Baltimore Ravens quarterback Lamar Jackson is coming off yet another year that saw him suffer a season-ending injury down the stretch. With a new offensive coordinator and an improved supporting cast, what is Jackson’s 2023 fantasy football projection?
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Lamar Jackson’s 2023 Fantasy Projection
Fantasy managers are a fickle group. Burn them once due to injury, and you can be labeled “injury-prone.” Twice? Excommunicated! That’s where we are with Jackson.
The 26-year-old quarterback is now four years removed from his overall QB1 MVP campaign. He’s three years removed from his last healthy season. In both 2021 and 2022, Jackson was injured in Weeks 13 and 14, respectively, costing him the remainder of the year. When fantasy managers needed Jackson the most, he was nowhere to be found.
Allow me to dissuade any notion that Jackson is injury-prone or that mobile quarterbacks are any more likely to get hurt. If Jackson were reckless, sure, that would be the case. But both of his injuries occurred in the pocket. They were just random occurrences — kind of like Christian McCaffrey’s 2020 and 2021 injury issues.
In 2021, Jackson was still producing well prior to getting hurt. He averaged 21.1 fantasy points per game. 2022 was a bit of a different story, though.
Although Jackson’s overall QB6 finish was still solid, he hardly resembled the elite QB1 we all thought we were getting for quite some time when he went down.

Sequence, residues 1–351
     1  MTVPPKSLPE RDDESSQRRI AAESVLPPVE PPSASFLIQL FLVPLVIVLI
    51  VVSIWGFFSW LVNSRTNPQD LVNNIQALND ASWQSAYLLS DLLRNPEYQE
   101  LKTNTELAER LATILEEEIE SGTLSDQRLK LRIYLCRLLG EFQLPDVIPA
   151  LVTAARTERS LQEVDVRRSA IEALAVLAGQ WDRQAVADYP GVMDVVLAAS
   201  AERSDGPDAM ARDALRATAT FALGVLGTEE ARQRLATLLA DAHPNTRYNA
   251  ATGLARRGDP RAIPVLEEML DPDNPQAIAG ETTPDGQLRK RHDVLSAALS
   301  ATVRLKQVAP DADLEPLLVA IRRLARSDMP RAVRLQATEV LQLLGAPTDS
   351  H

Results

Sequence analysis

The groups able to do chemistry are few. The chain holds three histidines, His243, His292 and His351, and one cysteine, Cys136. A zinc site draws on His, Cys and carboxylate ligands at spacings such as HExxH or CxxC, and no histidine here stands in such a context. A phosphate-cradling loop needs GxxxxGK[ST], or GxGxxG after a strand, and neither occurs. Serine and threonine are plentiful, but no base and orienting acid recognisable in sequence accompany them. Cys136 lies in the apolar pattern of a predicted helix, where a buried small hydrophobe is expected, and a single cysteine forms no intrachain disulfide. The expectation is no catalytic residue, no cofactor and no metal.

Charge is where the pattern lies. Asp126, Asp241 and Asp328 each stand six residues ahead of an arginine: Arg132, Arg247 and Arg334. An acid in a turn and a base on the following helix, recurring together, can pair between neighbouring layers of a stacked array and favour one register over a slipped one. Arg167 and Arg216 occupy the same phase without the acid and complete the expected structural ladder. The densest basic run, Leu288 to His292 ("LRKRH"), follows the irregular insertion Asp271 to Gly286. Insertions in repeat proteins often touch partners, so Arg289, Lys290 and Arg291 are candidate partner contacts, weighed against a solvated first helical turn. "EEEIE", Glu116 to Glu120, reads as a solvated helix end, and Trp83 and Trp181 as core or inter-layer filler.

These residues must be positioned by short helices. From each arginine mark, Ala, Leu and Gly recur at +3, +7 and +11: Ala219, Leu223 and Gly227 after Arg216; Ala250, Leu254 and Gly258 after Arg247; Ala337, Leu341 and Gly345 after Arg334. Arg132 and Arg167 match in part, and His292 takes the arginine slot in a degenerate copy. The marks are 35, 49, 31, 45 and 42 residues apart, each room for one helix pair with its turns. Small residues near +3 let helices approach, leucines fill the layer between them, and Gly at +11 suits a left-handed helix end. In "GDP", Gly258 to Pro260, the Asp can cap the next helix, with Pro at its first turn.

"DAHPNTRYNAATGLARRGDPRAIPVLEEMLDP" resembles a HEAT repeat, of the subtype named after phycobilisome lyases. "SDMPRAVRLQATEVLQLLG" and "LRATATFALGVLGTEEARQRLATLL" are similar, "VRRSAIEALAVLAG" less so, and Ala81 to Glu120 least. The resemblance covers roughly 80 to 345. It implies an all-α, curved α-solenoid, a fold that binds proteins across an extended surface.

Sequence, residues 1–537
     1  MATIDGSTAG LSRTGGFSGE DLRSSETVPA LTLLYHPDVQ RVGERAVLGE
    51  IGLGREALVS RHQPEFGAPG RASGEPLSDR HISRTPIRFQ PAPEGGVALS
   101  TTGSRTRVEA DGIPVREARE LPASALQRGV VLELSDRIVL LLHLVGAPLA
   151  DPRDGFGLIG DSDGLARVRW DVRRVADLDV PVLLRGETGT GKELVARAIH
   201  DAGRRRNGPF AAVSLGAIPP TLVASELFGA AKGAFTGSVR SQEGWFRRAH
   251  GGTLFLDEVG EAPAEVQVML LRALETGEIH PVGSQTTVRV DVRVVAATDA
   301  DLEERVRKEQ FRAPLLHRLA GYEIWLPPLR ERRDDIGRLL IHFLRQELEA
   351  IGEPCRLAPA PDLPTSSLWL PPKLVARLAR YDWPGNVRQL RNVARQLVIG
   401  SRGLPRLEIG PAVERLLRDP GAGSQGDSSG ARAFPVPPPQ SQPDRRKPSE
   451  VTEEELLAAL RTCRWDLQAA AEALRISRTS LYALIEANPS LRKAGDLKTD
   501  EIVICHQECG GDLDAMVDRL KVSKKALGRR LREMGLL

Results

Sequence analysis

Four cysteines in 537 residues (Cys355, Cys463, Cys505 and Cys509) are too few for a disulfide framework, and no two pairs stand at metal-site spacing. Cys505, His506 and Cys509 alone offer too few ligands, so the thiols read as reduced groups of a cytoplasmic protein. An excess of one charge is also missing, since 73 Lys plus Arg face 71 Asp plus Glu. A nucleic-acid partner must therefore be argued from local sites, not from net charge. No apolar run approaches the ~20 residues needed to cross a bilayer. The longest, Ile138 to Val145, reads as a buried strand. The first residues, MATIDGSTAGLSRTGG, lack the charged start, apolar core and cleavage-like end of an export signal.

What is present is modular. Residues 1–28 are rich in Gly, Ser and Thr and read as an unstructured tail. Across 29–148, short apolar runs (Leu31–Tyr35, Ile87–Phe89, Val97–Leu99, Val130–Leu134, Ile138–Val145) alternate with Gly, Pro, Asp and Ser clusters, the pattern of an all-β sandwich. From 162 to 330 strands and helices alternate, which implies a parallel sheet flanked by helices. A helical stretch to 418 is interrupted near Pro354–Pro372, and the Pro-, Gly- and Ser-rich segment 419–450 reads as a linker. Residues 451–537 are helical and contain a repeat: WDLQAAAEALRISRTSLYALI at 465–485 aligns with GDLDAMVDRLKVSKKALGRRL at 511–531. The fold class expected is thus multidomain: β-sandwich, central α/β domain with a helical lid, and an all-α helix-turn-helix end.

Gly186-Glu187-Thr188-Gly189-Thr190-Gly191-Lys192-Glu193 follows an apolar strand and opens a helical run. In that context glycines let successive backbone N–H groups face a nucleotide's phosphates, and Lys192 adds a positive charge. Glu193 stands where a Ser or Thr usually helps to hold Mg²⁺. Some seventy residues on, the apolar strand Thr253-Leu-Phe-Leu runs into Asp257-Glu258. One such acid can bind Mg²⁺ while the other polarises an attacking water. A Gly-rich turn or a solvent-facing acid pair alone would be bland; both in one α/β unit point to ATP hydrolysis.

Jackson may have averaged 20.3 ppg, but it was extremely frontloaded. In Weeks 2 and 3, Jackson scored 42.6 and 40.4 fantasy points. So, in Weeks 2 and 3, he won your matchup by himself. For the rest of the weeks, he averaged 17.6 ppg (excluding Week 13, the game in which he got hurt). 17.6 ppg would have put him at QB14 on the season.
With that said, the spike weeks do matter. The fact remains that in four years as a starter, Jackson has never finished lower than QB8. He’s never averaged fewer than 20.3 ppg. We can also absolve Jackson of much of the blame for his disappointing season.
The Ravens’ offense under former offensive coordinator Greg Roman was very pedestrian. It was simple and uncreative. New OC Todd Monken will craft this offense not only to the strengths of Jackson but also to his supporting cast.
There’s also the matter of injuries to the Ravens’ bottom-of-the-barrel wide receiver corps. Entering the season, Baltimore deployed the likes of Devin Duvernay and Demarcus Robinson behind WR1 Rashod Bateman. When Bateman went down, Jackson didn’t have much of a chance.
At various points, the Ravens were also without Mark Andrews and Duvernay. They were deploying the worst group of pass catchers in the NFL. Jackson may be a wizard with his legs, but he can only do so much when his receivers pose no real threat.
This year, the Ravens made it a point to address their pass-catching situation. Andrews and Bateman will be back healthy and resume their roles as Jackson’s top two targets. Behind them, the Ravens are much stronger now than they have been at any point during Jackson’s tenure as the starter.